Just a Lawyer in Lincoln's Hometown

November 1, 2010

Hammerhead – About to get hammered

Filed under: Employment Law — Chuck @ 1:00 am
Tags: ,

Sam Hammer just started Hammerhead construction. He used to work for another small construction company and then became independent contractor with HugeCo, a manufacturing company. A wonderful carpenter, great guy, good buddy, and too cheap to hire a lawyer before he started the business. He decided to do things just like HugeCo.

So when Hammerhead got its first good job, Sam brought on Allen, Alice, and Albert to help. He brought them onto the job as independent contractors, the same as he was when he was working for HugeCo. Allen was the lead carpenter, and Alice and Albert took their instructions from him or Sam. Alice and Albert were new to the carpentry business. Neither of them had their own business. Neither of them advertised their services.

Although Allen, Alice and Albert brought their own hand tools with them to work, Hammerhead Construction provided all the other tools. Hammerhead provided the plans. Sam and Allen told Alice and Albert what needed to be done, in what order the work needed to be done and how it was to be done.

Sam felt that he needed to develop a reputation as a good contractor, so he worked long hours. He worked Allen, Alice and Albert long hours as well. They all worked 70 hours that first week. Sam was paying Alice and Albert $10/hour, and at the end of the first week, he gave them both a check for $700 even.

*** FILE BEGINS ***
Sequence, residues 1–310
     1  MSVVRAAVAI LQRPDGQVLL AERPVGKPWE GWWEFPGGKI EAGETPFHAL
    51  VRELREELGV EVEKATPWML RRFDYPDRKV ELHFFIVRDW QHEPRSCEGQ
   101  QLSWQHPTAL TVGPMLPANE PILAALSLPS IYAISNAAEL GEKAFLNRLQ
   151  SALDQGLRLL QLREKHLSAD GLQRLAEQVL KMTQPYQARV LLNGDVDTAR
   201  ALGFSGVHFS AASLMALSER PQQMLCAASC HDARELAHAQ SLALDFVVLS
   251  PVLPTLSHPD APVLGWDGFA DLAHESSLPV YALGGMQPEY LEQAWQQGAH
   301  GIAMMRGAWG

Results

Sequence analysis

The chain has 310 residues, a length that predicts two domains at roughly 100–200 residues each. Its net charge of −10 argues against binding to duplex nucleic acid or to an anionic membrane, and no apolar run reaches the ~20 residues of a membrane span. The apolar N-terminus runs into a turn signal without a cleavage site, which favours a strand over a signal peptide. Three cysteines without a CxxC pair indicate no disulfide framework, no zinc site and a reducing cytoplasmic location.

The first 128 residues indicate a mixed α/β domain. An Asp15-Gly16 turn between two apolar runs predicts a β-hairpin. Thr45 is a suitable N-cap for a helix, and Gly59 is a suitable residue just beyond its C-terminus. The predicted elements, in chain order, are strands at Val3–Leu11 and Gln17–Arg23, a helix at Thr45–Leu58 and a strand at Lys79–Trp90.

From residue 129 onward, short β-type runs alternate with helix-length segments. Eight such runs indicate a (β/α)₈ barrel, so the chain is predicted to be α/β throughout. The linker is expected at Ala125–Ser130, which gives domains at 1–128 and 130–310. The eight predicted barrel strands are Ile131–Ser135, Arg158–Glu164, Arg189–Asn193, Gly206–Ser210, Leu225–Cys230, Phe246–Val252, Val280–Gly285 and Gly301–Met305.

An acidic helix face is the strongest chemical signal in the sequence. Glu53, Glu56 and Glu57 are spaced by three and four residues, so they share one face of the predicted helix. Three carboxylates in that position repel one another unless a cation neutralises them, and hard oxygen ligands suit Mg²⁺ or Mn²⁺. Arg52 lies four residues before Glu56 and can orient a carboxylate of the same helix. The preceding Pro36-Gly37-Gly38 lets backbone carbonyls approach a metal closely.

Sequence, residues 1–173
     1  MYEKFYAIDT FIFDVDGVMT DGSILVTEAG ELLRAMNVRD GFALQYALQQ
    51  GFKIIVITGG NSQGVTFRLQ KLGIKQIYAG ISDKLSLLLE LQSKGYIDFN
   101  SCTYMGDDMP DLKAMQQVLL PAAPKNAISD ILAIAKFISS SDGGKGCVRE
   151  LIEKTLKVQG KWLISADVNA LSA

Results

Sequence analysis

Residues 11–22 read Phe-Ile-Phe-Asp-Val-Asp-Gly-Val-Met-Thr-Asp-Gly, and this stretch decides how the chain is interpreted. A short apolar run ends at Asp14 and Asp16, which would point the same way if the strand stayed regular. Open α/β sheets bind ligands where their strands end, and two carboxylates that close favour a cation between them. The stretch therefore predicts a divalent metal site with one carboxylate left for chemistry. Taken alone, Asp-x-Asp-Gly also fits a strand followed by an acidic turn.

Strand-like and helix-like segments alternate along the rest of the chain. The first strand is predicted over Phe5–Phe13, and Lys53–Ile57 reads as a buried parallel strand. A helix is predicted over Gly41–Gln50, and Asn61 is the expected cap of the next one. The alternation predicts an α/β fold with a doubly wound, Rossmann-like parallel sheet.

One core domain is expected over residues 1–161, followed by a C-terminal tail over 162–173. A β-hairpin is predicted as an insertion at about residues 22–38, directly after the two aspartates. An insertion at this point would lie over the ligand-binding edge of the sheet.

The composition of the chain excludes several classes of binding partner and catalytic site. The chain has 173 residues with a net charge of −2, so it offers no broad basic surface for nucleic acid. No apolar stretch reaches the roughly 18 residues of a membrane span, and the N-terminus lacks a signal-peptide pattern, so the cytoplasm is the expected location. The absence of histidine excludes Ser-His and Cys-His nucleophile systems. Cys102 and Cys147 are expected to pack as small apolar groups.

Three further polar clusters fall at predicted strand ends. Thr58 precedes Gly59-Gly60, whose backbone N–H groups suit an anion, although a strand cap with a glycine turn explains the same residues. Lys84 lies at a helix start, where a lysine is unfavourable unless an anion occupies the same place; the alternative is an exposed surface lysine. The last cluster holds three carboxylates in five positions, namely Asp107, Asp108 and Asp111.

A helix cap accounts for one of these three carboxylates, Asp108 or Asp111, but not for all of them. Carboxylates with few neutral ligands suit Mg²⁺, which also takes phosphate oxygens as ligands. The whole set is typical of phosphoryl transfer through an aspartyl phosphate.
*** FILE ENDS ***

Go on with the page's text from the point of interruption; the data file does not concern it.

Alice and Albert both said, “Where’s our overtime?!” Stunned, Sam replies, “But you are independent contractors, you don’t get overtime.”

“Sam,” says Alice, “my brother is a lawyer, and he said we aren’t independent contractors. We are employees, and employees who work overtime get paid time and a half for anything over 40 hours a workweek. You owe us both another $150 bucks!”

Sam calls a lawyer, explains the situation and asks, “Are they right?”

“Yes they are. You give most all of the tools they use, you tell them where to work, when to work, and how to work. You didn’t hire their businesses, they don’t have any. They don’t hold themselves out as being available to do any other jobs. They do the same thing you do, but under your direct supervision.”

“Alice and Albert both look like any other employee. The fact that you said they were independent contractors doesn’t make them contractors. It is what is actually happening that matters here. If it walks like a duck, looks like a duck and quacks like a duck, it is a duck. Alice and Allen are employees, and you’ve got to pay them overtime.”

“Why didn’t you call me before bringing them on board?”

Chuck from Watson Law, LLC

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